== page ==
Why finding time to do nothing can be therapeutic


Photo by magone on DepositPhotos

This essay first appeared in This Singaporean Life (subscribe!), a newsletter I sent out every Sunday (SGT) where I share my weekly musings on work and life in Singapore.

Doing nothing at any given moment seems to be a waste of time in our day of age, let alone having nothing to do.

From queuing in line to pay for groceries or a cup of coffee to waiting for the bus or train to arrive, most of us will be tapping or swiping away on our phones. I’ve even seen guys scrolling on their phone screens while peeing into the urinator.

Sorry for the graphic details, but you get the idea.

It’s not just our phones, of course. When we’re not working and “resting” at home, we stare at our tablets, computers or televisions, always keeping ourselves occupied.

When was the last time you just sat down and listened to some soothing music or the sounds of your surrounding, and think or reflect for, say, ten uninterrupted minutes?

Don’t worry; I’m not going to talk about meditation in this essay since there are so many articles out there already.

I’m suggesting the idea of taking some moments out of our hectic lives and enjoy not getting distracted by anything and rethink about what’s important to us.

Because not allowing anything to distract us and taking full control of our attention can be liberating, enjoyable, and even therapeutic.


I was a social media addict. More specifically, a Twitter addict. My addiction was deeply rooted in my obsession with a K-Pop girl group, T-ara, and how FOMO (fear of missing out) of their news and updates consumed me.

I found myself checking Twitter for news, pictures, social media updates, even rumours, a few times every waking hour.

I’ll spare you the details but just know the first and last thing I did every day was to scroll through my Twitter feed. It wasn’t great, and I’m glad my social media habit is contained within looking at Facebook notifications once a day at the most now.

Surely, there are other people with worse addictions. There are also others who only check social media “whenever they’re bored”.


I was a video game addict. More specifically, a Dota 2 addict. Over a span of about five years, I’ve clocked at least 7,000 hours of gaming time, some of which were undoubtedly spent waiting for games to start. Still, it’s a lot of time spent playing a single game.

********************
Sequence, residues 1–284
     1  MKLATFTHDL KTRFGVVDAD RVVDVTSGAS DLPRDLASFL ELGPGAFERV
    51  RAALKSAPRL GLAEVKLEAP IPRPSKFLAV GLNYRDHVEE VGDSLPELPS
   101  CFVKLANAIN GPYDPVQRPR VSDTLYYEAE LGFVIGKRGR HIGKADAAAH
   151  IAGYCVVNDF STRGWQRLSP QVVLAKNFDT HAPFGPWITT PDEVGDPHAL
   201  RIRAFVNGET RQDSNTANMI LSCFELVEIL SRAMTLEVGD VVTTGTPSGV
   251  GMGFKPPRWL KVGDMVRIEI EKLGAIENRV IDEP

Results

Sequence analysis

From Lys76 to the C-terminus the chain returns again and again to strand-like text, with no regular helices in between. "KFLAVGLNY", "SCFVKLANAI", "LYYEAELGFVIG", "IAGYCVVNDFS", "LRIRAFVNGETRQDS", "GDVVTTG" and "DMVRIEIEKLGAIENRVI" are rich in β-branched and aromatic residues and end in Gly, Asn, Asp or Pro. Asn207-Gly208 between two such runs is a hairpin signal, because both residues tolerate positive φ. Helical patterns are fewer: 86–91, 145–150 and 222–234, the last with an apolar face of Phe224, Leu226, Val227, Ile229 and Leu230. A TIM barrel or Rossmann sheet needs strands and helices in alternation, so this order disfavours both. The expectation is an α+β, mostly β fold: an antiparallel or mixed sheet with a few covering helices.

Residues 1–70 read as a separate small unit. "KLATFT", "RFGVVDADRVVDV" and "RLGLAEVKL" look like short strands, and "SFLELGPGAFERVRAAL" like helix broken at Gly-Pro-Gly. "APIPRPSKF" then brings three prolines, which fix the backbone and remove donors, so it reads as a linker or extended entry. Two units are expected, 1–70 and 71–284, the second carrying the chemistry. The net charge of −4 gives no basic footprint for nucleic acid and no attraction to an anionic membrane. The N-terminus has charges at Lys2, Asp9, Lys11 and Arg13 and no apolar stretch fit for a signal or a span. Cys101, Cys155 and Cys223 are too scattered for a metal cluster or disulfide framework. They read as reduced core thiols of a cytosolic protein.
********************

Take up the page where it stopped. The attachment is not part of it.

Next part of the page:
Oh, by the way, that’s not including the time I spent on Dota 2’s predecessor, Dota, which was played on Blizzard’s Warcraft III client. Therefore, I should have clocked a total of at least 10,000 hours of game time.

Was I an expert or professional gamer? No. Retrospectively speaking, I only played because I was bored and wanted to get distracted.

I also liked the idea of playing with four other friends and the satisfaction of winning a game. At the end of every game, I felt like I had accomplished something, especially when my team won.

I guess that’s why video gaming is so addictive. You feel like you’ve achieved a lot in a short span of a few hours or about 45 minutes in Dota 2’s case, when in fact, you just beat other human players by sheer luck or knowledge of the game.


You might be thinking, what’s the point of all this talk about addiction and obsession?

I believe almost everyone in Singapore and other developed countries has this insatiable urge to keep themselves occupied and distracted with something – anything.

Because we’re tied down by work or school and the mundane as a whole, we constantly seek pleasure whenever possible. It just so happens our gadgets and devices are what give us instant dopamine fixes.

Of course, some of us prefer more real-world pleasures not connected to technology. The point is, though, we’re always thinking of doing something. What about doing nothing?

Can there possibly be pleasure just sitting and getting lost in thought, or even not thinking at all?

After getting out of my social media and gaming addictions, I started to see value in having nothing to do. Not even reading, writing or learning. Nothing.

Just letting time pass and taking control of my attention, rethinking about the most important things in my life and how those changed over the years.

It’s a feeling with so many nuances that it’s hard to describe in an essay, let alone a few words or a sentence.

The closest feeling I can think of is lying on your bed and focus on the thoughts that crowd your mind before you fall asleep – minus the habit (if you have it) of using the phone until you feel sleepy.

Call to action

Take ten minutes every day to do absolutely nothing. In those ten minutes, remove all distractions.

Find a quiet space or plug your headphones in with preferably soothing music, switch on airplane mode on your phone, and give those ten uninterrupted minutes to yourself.

Trust me, owning your attention gives you more clarity of what’s important and worth your time, and ultimately, your life.

About the author

Vance Wong

Brain-picker. Cinephile. Koreaboo.


by Vance Wong


Vance Wong

Brain-picker. Cinephile. Koreaboo.